We understand that there are many reasons why your credit score might not be where you want it to be and we want to help. To us, you’re much more than your credit score so if you apply for an Aqua card, we’ll do everything we can to say “yes” and help you on your journey to better credit.


A credit card is a great way to help get your finances back on track and improve your credit score by making your payments on time and sticking to your credit limit. Which Aqua card is best for you?




Aqua Classic

We can help you start your journey to building a better credit score when you manage your account well. Our most popular credit card, the Aqua Classic could help improve your credit history. We continuously monitor your account and could even offer to increase your credit limit after four months of good credit behaviour.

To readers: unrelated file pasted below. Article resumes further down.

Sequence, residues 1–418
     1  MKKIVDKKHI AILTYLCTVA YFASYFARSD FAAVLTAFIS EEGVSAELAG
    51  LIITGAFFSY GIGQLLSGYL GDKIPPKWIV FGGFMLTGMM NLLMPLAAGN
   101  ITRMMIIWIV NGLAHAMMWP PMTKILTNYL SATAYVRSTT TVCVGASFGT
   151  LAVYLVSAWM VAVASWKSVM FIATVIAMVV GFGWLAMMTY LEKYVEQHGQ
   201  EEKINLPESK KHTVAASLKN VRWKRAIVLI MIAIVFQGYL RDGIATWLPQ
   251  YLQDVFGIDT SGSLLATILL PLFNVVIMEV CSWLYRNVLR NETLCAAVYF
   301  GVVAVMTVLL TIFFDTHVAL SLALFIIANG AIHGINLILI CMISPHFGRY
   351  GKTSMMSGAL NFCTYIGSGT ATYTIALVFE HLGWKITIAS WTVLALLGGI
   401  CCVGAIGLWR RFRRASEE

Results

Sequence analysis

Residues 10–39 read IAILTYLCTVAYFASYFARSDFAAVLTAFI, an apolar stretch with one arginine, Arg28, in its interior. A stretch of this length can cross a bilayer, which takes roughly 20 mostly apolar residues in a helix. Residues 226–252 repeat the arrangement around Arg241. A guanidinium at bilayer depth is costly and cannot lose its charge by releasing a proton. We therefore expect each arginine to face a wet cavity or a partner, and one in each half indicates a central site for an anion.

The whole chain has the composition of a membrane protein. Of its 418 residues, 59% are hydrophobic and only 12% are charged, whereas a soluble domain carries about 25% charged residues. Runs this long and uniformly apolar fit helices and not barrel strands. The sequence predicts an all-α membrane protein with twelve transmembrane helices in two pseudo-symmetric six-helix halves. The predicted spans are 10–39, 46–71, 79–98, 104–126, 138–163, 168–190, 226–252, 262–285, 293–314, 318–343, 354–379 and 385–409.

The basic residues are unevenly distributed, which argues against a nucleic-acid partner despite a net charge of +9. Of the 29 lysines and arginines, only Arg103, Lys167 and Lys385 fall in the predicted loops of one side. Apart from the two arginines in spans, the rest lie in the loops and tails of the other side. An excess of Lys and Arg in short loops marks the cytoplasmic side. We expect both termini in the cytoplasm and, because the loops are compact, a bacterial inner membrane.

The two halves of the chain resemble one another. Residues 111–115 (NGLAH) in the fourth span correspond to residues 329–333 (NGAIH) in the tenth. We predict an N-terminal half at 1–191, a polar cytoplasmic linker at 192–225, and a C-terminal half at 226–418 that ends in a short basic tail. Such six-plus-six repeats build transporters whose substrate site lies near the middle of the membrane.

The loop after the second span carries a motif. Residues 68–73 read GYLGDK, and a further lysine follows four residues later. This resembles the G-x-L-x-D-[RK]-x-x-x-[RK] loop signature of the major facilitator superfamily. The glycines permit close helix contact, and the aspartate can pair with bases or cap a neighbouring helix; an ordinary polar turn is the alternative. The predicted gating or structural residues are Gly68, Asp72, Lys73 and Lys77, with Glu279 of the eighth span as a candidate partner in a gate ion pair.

Learn more about Aqua Classic

37.9% APR

Representative (variable)

 

  • Starting credit limit: £250-£1,200
  • No annual fees



Aqua Advance

Reduce your rate over three years if you stay within your credit limit and pay on time. Want a longer-term solution? Aqua Advance reduces your interest rate over time. Keep making your payments on time and stay within your credit limits, we'll drop your interest rate every year for three years. All while you build a better credit score!

Learn more about Aqua Advance

34.9% APR

Representative (variable)

 

  • Starting credit limit: £250-£1,200
  • No foreign exchange fees for using your card abroad

Don't forget


Failure to make payments on time or to stay within your credit limit means that you will pay additional charges and may make obtaining credit in the future more expensive and difficult.